The Denied Boarding Regulations - how long do you have to bring a claim?
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Regulation 261/2004, commonly known as the Denied Boarding Regulations, sets out a regime imposing liability on an air carrier to provide care, assistance, accommodation and in certain circumstances compensation for cancellation, delay or where a passenger is denied boarding for another reason (for example overbooking of a flight).
Passengers are entitled to bring a claim against the airline if it fails to meet its obligations under the Denied Boarding Regulations. Insurers may also want to exercise those rights by way of subrogation if they pay out to their insured under the terms of the policy for flight cancellation or delay where it is the airline that should be providing compensation in the first instance.
What, however, is the time limit for pursuing a claim under the Denied Boarding Regulations? Until recently, the answer has not always been clear. In short, if you are bringing your claim following a flight booking made in England/ Wales or to which English law applies then it is likely that you have six years from the date of the flight cancellation or delay.
The Denied Boarding Regulations contain no provision fixing a time limit for bringing an action against an airline where it fails to comply with its obligations. Throughout the EU there has previously been discussion as to whether the two year time limit under the Montreal Convention applies given that the claim is against an airline or whether some other time limit applies. Unhelpfully, the Regulations are mute on the point and it took a referral to the ECJ in the case of MorÃ© -v- Koninklijke Luchtvaart Maatschappij NV (Case C-139/11) to clarify the position.
By its judgment dated 22 November 2012, the ECJ rejected the argument that the short two year time limit under the Montreal Convention should apply as the Regulations give rise to a separate cause of action not governed by the Convention. It held that "the compensation measure laid down in Articles 5 and 7 of Regulation 261/2004 falls outside the scope of the Warsaw and Montreal Conventions." The Court looked to guidance from general principles of EU law to find that, in the absence of any time limit being stipulated in the Regulations themselves, it is a matter for each Member State's domestic law to determine the limitation period for bringing a claim. In the case before the ECJ, Spanish law was relevant which allowed for a 10 year limitation period. Under English law, it is likely the limitation period will be 6 years. This is because the claim will either be contractual or arise as a result of the airline's breach of the enactment giving the Regulations force of law.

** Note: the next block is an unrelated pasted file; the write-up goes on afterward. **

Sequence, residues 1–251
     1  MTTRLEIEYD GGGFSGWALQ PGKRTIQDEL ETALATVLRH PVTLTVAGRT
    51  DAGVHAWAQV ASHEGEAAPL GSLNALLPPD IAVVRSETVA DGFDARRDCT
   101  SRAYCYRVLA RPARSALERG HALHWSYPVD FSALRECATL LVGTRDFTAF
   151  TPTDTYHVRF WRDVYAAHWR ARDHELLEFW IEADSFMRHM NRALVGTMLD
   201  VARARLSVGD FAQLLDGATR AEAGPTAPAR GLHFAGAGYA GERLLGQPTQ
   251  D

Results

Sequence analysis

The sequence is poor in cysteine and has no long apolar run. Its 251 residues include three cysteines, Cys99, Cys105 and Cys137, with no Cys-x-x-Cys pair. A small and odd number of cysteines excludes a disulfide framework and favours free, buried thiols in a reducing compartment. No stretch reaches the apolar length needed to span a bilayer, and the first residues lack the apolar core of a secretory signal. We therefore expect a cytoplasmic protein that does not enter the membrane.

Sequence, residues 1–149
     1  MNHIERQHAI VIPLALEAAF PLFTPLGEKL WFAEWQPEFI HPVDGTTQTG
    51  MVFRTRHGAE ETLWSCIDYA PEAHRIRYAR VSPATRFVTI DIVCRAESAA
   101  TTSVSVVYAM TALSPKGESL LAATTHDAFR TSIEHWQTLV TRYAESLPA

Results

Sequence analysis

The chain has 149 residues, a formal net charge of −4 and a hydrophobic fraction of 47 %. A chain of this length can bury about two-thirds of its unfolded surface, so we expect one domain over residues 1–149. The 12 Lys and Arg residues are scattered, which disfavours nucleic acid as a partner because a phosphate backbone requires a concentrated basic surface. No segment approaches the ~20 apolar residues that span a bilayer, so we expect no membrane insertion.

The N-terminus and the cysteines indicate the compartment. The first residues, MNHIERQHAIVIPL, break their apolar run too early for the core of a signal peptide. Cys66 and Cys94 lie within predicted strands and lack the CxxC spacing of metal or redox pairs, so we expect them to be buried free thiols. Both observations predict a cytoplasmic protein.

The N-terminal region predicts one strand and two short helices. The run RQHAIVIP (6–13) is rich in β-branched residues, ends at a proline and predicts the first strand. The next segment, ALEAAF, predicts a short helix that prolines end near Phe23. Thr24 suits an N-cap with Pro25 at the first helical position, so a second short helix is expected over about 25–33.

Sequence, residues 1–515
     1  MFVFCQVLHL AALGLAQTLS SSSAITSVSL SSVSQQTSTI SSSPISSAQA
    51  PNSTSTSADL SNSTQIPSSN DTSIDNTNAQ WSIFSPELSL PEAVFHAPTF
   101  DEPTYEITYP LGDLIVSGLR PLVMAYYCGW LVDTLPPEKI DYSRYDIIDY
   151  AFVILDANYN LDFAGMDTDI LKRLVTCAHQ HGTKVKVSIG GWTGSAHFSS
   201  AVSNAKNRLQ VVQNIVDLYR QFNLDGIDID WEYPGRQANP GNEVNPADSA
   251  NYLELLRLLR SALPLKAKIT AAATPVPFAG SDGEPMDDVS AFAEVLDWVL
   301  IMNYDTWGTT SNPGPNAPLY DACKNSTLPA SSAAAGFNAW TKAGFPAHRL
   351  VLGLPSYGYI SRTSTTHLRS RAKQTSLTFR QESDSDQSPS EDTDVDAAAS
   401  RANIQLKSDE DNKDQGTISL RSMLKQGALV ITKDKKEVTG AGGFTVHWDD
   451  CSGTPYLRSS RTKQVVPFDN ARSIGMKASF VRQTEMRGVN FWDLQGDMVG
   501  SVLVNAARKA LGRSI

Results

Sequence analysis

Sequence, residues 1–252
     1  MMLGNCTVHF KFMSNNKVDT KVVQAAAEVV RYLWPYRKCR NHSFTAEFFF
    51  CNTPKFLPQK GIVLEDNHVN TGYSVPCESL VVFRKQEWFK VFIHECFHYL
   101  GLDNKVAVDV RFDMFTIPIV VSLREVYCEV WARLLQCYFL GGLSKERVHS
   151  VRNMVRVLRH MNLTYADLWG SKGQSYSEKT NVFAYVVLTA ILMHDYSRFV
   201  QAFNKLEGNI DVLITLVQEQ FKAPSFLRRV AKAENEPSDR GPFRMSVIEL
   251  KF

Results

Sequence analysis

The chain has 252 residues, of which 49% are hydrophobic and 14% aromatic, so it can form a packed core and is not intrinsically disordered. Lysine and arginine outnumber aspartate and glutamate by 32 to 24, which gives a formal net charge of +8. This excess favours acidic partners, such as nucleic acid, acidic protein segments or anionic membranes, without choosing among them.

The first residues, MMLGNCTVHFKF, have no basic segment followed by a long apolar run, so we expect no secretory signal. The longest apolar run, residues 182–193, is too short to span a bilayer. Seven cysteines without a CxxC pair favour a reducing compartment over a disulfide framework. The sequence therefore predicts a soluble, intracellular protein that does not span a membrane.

If a claim under the Regulations is not a claim arising under the contract of carriage then section 9 of the Limitation Act 1980 will apply. This provides for a six year limitation period where the action is to recover a sum due by virtue of any "enactment". While legislation was not necessary to give the Denied Boarding Regulations direct force of law in England/ Wales, the provisions were expressly introduced by the Civil Aviation (Denied Boarding, Compensation and Assistance) Regulations 2005. In other words, all roads lead to the same answer.Whether a claim under the Denied Boarding Regulations is contractual or pursuant to an airline's statutory duty, the time limit for bringing the claim is the same â€“ a six year limitation period will apply.
It is important to note that this time limit is only for claims arising under the Denied Boarding Regulations. If the claim falls under the Montreal Convention then the much shorter two year limitation period will be relevant. It is also important to carefully check the airline's conditions of carriage for any express provisions regarding liability or pursuing a claim against the airline.
This decision from the ECJ is important for consumers and insurers alike. Very often, airlines can take a long time to process Denied Boarding claims. During the volcanic ash cloud saga airlines were inundated with enquiries. A few days of heavy snow and it is not unusual to see our airlines forced to ground their flights. While there will be no right to fixed compensation under the Regulations in those situations, the airline must still arrange re-routing/ refunds and provide care and assistance to those who are stranded. If the airline does not settle a claim promptly and amicably then proceedings may be necessary. Although you should always act promptly when exercising your rights under the Regulation, if you do need to issue the claim at Court, some comfort can be found in the ECJ's decision that domestic law will govern the time limit for bringing a claim.
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